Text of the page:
In Detail: Why evolutionary-research?

Evolutionary theory is without doubt one of the most fascinating concepts in biology. In fact, it may be the only theory ever that is capable of providing a unifying framework for the vast diversity of biological facts that are being discovered (for a review, see here). Such a theory is important to help preserve the biodiversity of this planet, understand how new diseases evolve and make sense of the sequences found in the human genome.

Although Darwin's detailed observations helped to get the idea accepted, it was the synthesis with Mendel's theory of inheritance that got the theory going. Starting with the founding fathers of this synthesis, Fisher, Wright and Haldane in the first half of the 20th century, many have followed their footsteps in fleshing out what it means that individuals in this world inherit almost perfect copies of the genes of their parents. So evolutionary research has been going on for many decades and is being conducted in many universities around the globe. We at evolutionary-research (with hyphen to denote the initiative behind this site, short: EvRe) stand in this tradition and want to contribute to the further development of modern evolutionary theory.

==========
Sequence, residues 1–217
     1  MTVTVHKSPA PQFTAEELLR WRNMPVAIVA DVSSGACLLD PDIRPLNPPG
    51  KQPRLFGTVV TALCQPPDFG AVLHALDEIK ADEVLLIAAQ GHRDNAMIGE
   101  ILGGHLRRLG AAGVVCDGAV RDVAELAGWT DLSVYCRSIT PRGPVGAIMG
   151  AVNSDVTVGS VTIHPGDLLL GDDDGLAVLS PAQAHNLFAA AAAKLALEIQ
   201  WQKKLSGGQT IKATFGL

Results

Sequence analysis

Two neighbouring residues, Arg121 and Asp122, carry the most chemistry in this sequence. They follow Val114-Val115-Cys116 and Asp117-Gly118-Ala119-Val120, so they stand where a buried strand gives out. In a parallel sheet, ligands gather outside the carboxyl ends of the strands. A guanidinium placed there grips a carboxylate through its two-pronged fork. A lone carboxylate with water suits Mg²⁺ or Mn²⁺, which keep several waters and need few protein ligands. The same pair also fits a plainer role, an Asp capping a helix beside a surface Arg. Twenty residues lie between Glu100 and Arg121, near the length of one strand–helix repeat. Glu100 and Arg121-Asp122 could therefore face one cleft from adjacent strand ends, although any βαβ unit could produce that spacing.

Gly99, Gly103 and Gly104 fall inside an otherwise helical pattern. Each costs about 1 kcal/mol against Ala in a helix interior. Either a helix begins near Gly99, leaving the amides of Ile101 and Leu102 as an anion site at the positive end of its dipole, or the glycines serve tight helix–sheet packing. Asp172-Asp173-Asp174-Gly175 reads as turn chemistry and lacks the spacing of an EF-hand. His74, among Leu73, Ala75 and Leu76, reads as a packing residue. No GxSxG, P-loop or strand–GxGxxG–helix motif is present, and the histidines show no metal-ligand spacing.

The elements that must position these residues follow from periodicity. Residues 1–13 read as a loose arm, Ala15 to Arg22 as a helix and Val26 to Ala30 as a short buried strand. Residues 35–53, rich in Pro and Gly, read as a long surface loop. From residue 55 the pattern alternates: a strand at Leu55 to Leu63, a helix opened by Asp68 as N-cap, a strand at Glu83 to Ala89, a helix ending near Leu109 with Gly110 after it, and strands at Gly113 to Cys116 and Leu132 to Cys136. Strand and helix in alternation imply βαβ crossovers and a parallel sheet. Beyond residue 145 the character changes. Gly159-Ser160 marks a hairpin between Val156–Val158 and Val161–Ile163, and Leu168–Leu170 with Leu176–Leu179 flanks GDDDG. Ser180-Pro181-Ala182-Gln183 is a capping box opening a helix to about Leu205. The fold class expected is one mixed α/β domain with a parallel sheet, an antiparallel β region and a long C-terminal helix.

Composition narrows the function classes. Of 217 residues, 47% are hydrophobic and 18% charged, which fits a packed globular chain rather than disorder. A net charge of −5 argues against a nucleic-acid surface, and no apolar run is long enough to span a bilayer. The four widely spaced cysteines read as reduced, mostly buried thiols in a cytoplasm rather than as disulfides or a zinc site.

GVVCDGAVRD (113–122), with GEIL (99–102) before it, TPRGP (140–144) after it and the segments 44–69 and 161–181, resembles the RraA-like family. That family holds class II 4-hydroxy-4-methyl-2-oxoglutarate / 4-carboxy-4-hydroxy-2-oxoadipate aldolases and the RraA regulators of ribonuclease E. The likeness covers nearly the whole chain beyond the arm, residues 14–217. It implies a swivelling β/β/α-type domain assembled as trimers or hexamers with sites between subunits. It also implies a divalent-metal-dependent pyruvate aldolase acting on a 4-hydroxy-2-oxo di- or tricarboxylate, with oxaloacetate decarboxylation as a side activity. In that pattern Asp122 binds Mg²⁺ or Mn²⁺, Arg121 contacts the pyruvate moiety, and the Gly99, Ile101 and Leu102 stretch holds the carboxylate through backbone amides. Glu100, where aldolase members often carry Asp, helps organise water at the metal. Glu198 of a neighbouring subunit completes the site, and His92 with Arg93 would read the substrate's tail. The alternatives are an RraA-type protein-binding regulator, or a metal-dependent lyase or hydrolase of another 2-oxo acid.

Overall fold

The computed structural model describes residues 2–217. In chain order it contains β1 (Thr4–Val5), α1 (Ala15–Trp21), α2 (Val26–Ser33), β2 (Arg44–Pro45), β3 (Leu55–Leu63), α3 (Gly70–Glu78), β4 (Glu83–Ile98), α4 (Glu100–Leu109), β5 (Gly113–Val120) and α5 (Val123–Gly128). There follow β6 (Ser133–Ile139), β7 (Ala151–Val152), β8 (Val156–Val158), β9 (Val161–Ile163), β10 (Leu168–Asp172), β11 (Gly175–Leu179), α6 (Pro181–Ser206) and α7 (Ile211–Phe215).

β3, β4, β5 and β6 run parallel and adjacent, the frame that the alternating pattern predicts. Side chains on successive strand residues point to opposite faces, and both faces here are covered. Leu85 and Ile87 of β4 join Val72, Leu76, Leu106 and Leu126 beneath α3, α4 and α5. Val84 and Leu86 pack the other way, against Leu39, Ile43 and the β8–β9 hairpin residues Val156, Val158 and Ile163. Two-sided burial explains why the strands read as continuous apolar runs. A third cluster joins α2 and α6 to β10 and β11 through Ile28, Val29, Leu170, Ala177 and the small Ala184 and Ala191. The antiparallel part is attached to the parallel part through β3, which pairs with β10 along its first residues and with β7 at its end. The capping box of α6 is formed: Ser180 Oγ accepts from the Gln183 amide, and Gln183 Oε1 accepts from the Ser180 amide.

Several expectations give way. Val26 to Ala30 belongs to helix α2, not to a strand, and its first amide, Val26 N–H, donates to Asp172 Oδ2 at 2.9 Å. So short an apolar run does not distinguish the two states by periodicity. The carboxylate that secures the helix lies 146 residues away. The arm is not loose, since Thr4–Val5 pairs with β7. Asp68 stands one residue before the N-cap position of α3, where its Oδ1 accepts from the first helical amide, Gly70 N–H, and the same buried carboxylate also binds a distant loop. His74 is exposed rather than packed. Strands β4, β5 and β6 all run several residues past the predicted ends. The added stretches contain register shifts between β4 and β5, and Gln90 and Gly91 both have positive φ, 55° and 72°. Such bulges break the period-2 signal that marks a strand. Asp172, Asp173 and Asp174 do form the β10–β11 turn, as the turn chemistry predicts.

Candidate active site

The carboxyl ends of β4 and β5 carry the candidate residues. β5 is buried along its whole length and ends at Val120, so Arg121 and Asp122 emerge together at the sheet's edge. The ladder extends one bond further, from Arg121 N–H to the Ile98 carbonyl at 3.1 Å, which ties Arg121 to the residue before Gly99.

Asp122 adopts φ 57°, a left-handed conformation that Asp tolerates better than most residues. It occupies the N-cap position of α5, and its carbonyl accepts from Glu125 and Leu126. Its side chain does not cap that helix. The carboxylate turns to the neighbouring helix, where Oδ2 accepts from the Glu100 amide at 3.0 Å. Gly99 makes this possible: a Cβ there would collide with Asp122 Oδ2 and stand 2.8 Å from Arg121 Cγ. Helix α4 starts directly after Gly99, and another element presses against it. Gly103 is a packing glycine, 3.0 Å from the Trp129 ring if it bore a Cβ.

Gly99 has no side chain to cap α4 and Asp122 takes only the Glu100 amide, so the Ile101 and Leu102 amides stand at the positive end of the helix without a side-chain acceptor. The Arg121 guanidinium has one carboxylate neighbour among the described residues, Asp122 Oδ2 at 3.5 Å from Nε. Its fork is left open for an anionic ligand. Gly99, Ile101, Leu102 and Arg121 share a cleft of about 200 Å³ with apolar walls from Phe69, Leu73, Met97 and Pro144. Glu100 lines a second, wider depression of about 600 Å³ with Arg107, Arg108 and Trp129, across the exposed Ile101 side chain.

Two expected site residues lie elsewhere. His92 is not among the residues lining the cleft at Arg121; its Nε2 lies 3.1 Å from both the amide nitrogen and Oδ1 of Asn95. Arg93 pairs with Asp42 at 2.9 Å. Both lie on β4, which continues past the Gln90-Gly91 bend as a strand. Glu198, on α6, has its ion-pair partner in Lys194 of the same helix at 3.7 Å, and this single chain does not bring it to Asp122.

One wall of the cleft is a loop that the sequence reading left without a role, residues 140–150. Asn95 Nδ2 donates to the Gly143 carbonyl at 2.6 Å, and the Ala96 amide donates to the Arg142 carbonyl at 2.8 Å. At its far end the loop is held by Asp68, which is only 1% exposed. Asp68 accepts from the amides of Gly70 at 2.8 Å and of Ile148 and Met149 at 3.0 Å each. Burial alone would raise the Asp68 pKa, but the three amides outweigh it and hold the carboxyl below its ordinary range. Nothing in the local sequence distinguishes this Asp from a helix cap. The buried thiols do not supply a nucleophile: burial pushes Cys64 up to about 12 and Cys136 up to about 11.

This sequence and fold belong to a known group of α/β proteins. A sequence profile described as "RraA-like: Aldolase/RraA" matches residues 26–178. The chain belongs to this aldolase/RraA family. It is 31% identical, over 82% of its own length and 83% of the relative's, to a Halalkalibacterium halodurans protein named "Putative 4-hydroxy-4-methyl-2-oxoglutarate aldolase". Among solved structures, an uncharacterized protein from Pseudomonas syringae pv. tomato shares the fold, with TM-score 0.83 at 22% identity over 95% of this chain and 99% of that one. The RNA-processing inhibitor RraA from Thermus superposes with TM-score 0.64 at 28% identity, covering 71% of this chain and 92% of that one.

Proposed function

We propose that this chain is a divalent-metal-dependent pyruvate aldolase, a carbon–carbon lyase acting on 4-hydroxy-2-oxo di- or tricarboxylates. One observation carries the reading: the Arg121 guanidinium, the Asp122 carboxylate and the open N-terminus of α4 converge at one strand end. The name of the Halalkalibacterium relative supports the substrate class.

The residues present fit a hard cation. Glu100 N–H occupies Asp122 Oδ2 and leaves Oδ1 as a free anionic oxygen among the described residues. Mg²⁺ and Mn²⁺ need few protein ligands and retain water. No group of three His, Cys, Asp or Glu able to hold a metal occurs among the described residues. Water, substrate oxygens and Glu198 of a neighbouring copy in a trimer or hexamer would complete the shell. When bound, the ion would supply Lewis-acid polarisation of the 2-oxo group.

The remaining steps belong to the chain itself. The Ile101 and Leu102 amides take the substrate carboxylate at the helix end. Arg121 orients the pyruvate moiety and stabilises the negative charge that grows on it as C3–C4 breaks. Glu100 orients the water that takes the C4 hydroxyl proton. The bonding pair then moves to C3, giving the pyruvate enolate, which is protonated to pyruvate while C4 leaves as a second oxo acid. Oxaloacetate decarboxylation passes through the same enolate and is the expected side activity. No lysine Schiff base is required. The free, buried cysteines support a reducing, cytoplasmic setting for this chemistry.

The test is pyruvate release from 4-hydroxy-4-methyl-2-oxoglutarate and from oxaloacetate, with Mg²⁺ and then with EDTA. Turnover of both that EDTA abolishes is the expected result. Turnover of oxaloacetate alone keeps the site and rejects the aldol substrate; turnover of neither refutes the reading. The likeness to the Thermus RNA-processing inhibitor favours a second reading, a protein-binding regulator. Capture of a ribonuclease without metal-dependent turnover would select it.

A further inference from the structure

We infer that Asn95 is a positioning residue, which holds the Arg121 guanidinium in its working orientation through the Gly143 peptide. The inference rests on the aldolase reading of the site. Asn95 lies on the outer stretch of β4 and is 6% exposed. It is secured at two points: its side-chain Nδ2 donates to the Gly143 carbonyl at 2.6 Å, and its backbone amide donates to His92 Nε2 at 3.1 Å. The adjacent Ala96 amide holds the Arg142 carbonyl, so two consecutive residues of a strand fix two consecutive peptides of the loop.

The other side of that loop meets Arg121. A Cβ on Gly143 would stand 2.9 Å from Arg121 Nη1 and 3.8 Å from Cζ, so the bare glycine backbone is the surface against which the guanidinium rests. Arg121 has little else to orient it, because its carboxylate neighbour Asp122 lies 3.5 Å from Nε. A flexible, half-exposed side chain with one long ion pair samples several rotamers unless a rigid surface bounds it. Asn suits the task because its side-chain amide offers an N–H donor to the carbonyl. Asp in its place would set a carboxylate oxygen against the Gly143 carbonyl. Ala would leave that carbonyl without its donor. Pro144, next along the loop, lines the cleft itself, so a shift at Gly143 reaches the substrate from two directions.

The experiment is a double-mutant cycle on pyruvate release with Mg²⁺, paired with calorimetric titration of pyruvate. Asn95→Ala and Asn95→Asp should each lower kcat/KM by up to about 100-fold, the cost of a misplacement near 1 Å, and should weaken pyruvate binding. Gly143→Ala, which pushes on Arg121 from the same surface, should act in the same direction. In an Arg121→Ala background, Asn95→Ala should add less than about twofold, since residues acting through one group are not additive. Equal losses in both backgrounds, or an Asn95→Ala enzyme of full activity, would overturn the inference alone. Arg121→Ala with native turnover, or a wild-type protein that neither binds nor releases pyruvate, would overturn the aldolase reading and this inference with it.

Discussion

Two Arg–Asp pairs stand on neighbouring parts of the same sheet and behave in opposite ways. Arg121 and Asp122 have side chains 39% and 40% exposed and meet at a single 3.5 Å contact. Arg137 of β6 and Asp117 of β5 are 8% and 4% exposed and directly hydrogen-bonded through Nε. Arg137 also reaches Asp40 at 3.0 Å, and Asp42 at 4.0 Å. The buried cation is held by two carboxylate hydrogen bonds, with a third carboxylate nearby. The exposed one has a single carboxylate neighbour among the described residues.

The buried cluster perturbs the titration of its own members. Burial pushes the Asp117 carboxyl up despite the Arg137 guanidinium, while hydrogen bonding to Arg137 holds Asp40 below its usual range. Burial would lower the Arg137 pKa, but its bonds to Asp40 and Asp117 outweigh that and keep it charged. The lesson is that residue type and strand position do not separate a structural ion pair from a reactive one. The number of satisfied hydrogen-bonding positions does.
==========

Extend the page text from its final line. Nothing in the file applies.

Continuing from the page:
Frequent speculations and undecidable verbal debates have made many scientists outside of the field believe that we already know everything interesting about evolution that the scientific method can possibly reveal. Yes, some questions can indeed not be solved without time-travel, but it is surprising how much we can learn, if we just combine a close look at what we see in our world with precise theoretical predictions about evolution. It takes a considerable amount of time and resources to develop such predictions. Thus one long-term aim of EvRe is to increase the resources available for scientific research that develops evolutionary theory.